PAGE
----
When the current direction is changed after 3.5 hours, the previously formed porous metal layer on electrode 2 begins to dissolve again, while dendritic lithium starts to deposit on the previously smooth metal surface of electrode 1. Again, the observed over-voltages mainly reflect the different porosities (“real” surface areas), while the SEI layers, which are formed on the fresh metal surface by spontaneous chemical reduction of the electrolyte solution, are supposed to be similar on a microscopic scale. The renewed rise of V2R at the end of the second half cycle fits well into the above picture: At this stage the dendritic lithium on electrode 2 is almost completely depleted, so that non-porous lithium must be dissolved again.
From the perspective of the experimenter, a clear advantage of a lithium metal electrode over a Li-ion battery electrode (such as NCM or graphite) is that its equilibrium potential is always constant and known, almost exactly 0 V against Li/Li+. Thanks to this fact, the measured electrode potential is equal to the over-voltage (in magnitude) and scales, at constant current, with the charge transfer resistance of the respective electrode. This relation can be clearly observed in the evolution of the electrode impedances.
How can we get more evidence?
When dismantling the PAT-Cell after the experiment, one can clearly see a greyish residue of dendritic lithium in the separator and on the surface of the two lithium electrodes.
Video 5: Disassembling the PAT-Cell
An even more direct way is to observe dendrite growth through a window in the test cell. The ECC-Opto-Std is the perfect test cell for this purpose. Here you go!
Video 6: ECC-Opto-Std – Watch lithium dendrites grow
Unfortunately, the time lapse video stops before the first cycle is completed. But even this short period of time is enough to realize that many dendrites lose contact to their “mother” electrode and must be considered lost for the rest of the experiment.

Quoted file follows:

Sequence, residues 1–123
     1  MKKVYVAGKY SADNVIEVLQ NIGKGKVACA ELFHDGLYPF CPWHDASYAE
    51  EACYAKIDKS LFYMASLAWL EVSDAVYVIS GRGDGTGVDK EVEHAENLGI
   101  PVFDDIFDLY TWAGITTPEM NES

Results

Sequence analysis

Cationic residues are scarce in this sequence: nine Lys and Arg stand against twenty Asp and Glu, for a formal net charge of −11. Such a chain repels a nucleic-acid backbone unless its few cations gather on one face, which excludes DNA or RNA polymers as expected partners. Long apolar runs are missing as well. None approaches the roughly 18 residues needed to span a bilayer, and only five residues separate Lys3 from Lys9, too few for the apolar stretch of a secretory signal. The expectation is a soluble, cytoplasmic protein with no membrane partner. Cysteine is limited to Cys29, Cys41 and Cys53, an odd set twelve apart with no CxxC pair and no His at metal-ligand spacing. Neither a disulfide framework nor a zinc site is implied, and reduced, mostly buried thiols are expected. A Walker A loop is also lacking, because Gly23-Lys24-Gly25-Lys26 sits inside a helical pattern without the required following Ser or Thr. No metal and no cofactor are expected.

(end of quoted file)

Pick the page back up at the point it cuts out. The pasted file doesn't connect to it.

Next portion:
What can we conclude?
Bad news is that during plating / stripping of lithium metal some of the precious metal is lost due to the chemical reaction with the electrolyte solution and, what is even worse, some dendrites can find their way to the counter electrode and cause a short circuit. This is the sad truth about the lithium metal electrode and even today prevents its use in rechargeable batteries.
Another piece of bad news is that the lithium metal electrode behaves very differently at rest, during stripping and plating, and that its impedance depends heavily on the history of the experiment. This fact makes lithium a difficult electrode to study anode and cathode materials in two-electrode half cells. We will demonstrate this in our next application report, which will focus on the cathode half cell: NCM versus Lithium – Too much Lithium?
I should also remember the good news. The good news is that there is plenty of room for new inventions around a reversible lithium metal electrode and that the PAT system is the perfect tool for such inventions. Enough material for many more application notes. Please stay tuned!
by Dr. Matthias Hahn, Dr. Annika Baumann, Margaryta Paramonova, Daniel Wilke